Prince Juan and his Stunning Tomb

Juan of Asturias, only son of Isabella and Ferdinand, is an obscure figure in Spanish history who did little more to influence the course of this nation than die. But what a death! He left his world at the age of 19 in 1497, and because of that, Spain would never be the same. The stunningly beautiful tomb is the centerpiece of the church at the magnificent Royal Monastery of Santo Tomás, in Avila, Listen and learn more! Enjoy!

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SPANISH HISTORY 101 EP. 11 – The Barbarians Come on the Scene

The painting we see in this podcast was the creation of Ulpiano Checa, from Spain, and it is a famous depiction of how the artist envisioned the arrival of the Germanic tribes around the Fall of the Roman Empire. It’s a fanciful image by today’s standards, but it has left an indeleble mark on our collective memory of those events. Spain was, indeed, invaded by several Germanic peoples (the Vandals, Alans and Suebi), and the finally the Visigoths, who would hang around for a few hundred years. This is a period of transition in our series on the History of Spain. Check it out and enjoy. 

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The Boy King and the Massacre

The coat of arms of the city of Avila has the curious image of a young king in a kind of castle/church. As you might be guess, there is a story behind it and one that is as fascinating as it is tragic. And it represents the complexity of the geopolitical situation in Spain during the early 12th century. History? Legend? Both? Listen and enjoy and let us know what you think. 

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History of the Sorteo de Navidad (Spain’s Christmas Lottery)

SOURCE: AS sports daily

Every December 22, much of Spain braces itself for a 3-hour televised event that few people in the the world would associate with this festive season: a chance to make their Yuletide just a little bit cheerier by winning the annual Christmas lottery. This is a tradition that goes back over 200 years, believe it or not, and it is estimated that over 75% of the adult population in Spain plays; and with a total payout of 2.4 billion euros, many consider it the largest in the world. More than a celebration of gambling, it’s a deeply-rooted custom that not even the Spanish Civil War could stop. Learn more about its history in this week’s podcast. Enjoy!

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Spanish History 101 Ep. 5, The Phoenicians, Greeks and Carthaginians in Spain

Phoenicians and their world-famous purple dye

For hundreds of years, cultures and civilizations from the other side of the Mediterranean made contact with the peoples from Spain, mainly the Iberians and Tartessos, and established a commercial relationship with them. They also founded Spain’s oldest cities and made many contributions that would impact Spain down the road, even to this day. Check out this latest podcast and learn more! Enjoy!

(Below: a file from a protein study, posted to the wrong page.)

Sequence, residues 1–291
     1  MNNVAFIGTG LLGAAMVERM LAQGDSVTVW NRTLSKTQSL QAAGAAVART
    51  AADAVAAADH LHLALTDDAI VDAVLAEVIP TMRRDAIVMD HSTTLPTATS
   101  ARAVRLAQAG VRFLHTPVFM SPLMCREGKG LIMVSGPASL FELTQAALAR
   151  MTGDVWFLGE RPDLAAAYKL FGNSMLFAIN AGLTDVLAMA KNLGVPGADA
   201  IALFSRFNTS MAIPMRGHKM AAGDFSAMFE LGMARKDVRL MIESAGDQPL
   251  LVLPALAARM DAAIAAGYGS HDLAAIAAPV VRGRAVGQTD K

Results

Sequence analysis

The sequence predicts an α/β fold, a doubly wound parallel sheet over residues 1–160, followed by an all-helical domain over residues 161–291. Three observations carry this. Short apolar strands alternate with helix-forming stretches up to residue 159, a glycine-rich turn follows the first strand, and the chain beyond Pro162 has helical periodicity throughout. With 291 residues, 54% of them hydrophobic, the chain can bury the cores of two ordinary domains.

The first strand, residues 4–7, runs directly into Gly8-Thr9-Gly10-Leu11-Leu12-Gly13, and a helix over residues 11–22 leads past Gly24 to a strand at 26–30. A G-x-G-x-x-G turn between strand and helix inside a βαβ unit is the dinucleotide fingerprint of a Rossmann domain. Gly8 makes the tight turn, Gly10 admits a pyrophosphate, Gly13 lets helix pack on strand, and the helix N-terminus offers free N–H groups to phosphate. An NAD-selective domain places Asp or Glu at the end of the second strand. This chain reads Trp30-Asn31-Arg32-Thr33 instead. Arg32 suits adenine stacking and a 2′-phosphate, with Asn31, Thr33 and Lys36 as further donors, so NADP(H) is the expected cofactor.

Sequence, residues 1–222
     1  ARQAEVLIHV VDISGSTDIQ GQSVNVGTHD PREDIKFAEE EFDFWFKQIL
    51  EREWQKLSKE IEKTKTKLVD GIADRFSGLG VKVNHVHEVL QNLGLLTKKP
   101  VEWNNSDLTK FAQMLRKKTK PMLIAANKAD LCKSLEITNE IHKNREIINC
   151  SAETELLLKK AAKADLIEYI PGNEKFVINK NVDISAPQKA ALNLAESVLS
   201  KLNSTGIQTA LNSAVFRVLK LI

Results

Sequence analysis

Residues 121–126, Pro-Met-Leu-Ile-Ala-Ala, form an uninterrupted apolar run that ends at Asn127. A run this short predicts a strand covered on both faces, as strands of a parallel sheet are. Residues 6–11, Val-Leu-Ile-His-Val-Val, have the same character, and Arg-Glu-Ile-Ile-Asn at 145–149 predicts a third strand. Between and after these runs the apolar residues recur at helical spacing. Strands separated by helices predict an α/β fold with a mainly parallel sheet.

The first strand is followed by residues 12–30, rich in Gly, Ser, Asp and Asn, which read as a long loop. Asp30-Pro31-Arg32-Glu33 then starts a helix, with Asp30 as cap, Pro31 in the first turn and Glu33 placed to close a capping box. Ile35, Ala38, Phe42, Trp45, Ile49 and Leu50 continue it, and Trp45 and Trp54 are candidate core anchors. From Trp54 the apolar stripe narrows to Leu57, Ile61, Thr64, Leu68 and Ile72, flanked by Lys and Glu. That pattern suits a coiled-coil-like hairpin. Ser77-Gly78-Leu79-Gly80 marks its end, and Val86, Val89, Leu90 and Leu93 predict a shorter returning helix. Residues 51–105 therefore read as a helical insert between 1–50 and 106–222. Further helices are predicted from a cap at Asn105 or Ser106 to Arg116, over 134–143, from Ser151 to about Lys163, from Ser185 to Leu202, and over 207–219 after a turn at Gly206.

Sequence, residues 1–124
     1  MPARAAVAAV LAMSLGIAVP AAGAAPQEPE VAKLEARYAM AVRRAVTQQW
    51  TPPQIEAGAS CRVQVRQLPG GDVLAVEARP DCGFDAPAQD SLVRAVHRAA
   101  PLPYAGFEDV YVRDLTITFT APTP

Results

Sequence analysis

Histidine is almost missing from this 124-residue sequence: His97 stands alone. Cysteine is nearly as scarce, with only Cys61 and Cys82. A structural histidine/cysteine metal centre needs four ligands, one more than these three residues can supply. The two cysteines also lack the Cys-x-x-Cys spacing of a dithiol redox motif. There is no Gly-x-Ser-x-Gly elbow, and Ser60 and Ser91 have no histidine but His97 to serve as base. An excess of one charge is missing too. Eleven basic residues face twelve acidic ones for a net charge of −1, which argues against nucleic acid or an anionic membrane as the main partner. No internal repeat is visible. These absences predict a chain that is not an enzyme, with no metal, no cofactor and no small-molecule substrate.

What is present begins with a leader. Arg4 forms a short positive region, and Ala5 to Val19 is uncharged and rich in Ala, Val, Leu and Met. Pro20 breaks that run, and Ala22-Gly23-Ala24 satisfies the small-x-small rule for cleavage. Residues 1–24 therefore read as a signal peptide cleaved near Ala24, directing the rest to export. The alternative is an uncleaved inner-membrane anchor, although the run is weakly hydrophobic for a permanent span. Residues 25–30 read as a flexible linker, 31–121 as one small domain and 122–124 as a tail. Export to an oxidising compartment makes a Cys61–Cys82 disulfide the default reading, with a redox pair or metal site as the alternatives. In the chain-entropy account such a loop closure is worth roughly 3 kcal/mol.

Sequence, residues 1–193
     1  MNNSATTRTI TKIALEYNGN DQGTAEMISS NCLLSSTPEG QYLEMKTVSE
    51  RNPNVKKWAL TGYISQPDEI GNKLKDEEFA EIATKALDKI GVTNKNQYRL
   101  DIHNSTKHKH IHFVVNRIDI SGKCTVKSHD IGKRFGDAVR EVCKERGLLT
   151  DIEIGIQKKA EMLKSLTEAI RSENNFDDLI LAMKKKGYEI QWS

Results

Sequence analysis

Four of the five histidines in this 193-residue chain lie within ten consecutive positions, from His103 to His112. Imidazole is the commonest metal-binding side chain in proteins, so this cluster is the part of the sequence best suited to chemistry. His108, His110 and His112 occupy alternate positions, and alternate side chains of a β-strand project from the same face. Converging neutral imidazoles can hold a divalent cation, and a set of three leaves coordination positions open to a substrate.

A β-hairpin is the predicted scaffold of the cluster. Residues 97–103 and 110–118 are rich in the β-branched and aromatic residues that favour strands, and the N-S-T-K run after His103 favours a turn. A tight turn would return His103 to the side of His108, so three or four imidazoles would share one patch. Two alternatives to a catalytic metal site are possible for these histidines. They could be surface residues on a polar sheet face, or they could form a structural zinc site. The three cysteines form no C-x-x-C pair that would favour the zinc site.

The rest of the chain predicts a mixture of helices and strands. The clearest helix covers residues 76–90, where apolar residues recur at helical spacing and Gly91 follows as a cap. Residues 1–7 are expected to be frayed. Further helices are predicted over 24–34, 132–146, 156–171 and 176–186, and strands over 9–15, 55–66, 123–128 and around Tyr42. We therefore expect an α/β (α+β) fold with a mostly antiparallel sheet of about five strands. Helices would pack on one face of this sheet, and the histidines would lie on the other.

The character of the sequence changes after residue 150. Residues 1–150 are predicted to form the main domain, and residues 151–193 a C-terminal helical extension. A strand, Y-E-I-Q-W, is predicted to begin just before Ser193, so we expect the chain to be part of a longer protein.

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SPANIARDS ON THE TITANIC

Today’s episode tells the story of three of the ten Spaniards who were on Titanic. It’s a curious tale of luxury, recklessness, deceit, courage, love, tragedy and even a touch of greed, quite possibly. Take a listen and let us know what you think. Hope you enjoy it. 

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SPANISH HISTORY 101. Episode 2. Altamira: the Sistine Chapel of Prehistoric Art

Episode 2 takes us to the neolithic period and the cave paintings of Altamira in Cantabria. Authentic masterpieces were made back then. Learn about how the cave was discovered, the difficulties they had at first convincing the scientific world, and what makes this site so special in this history of Spain and in Art History. Enjoy!

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Kings and Killers: The Assassination Attempts of Alfonsos XII and XIII

The photo you see for this podcast just may be the first image in history of a terrorist attack in progress. It happened in Madrid on the very day King Alfonso XIII and his bride Victoria Eugenie of Battenberg got married. They were returning from the church. The vividness of the chaos captured on film makes it one of the most extraordinary pictures ever taken. Listen to the podcast about three assassination attempts that took place during the turbulent days of the turn of the 20th Century. Enjoy.

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The Day They Dropped 4 Nuclear Bombs on Spain…by mistake!

Information & Tourism Minister Manuel Fraga and U.S. Ambassador Angier Duke do a little P.R. work to prove the waters nearby the accident are safe for swimming.

Palomares was a small fishing community on the coast of Almeria. On the morning of January 17, 1966, a B-52 collided with a refueling plane and disaster struck. Four nuclear bombs plummeted to earth with the small village straight below them. It would take a miracle to prevent them from experiencing first hand a nuclear nightmare. Listen to my latest podcast and learn more.

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Is it possible to condense 1 million years of Spanish history into 20 minutes? Let’s give it a try.

Marisa Estivill/Shutterstock

Some people like to get just a general overview of what Spanish history is like so that it’s easier to understand the specifics. Today, I’m going to do just that. Do the impossible; pack 1 million years into twenty minutes. It wasn’t an easy task, but I think we pulled it off! Enjoy and let us know what you think!